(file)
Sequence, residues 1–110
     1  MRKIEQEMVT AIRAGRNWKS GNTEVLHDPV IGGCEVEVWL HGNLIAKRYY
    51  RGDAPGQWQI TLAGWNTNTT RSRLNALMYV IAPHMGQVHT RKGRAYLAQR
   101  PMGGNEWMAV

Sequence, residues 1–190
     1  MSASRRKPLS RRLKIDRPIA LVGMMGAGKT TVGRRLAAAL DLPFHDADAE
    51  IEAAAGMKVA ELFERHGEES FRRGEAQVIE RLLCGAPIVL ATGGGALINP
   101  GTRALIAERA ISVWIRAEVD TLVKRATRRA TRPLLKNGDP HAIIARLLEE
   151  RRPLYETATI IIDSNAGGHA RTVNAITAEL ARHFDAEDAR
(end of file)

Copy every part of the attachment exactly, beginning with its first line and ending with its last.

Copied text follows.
Sequence, residues 1–110
     1  MRKIEQEMVT AIRAGRNWKS GNTEVLHDPV IGGCEVEVWL HGNLIAKRYY
    51  RGDAPGQWQI TLAGWNTNTT RSRLNALMYV IAPHMGQVHT RKGRAYLAQR
   101  PMGGNEWMAV

Sequence, residues 1–190
     1  MSASRRKPLS RRLKIDRPIA LVGMMGAGKT TVGRRLAAAL DLPFHDADAE
    51  IEAAAGMKVA ELFERHGEES FRRGEAQVIE RLLCGAPIVL ATGGGALINP
   101  GTRALIAERA ISVWIRAEVD TLVKRATRRA TRPLLKNGDP HAIIARLLEE
   151  RRPLYETATI IIDSNAGGHA RTVNAITAEL ARHFDAEDAR